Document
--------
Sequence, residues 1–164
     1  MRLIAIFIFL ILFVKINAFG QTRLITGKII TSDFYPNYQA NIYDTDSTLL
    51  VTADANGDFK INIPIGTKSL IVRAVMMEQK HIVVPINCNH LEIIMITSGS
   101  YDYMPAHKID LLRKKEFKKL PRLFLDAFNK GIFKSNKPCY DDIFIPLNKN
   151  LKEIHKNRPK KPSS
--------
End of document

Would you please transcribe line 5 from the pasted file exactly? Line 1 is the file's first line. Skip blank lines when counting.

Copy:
   151  LKEIHKNRPK KPSS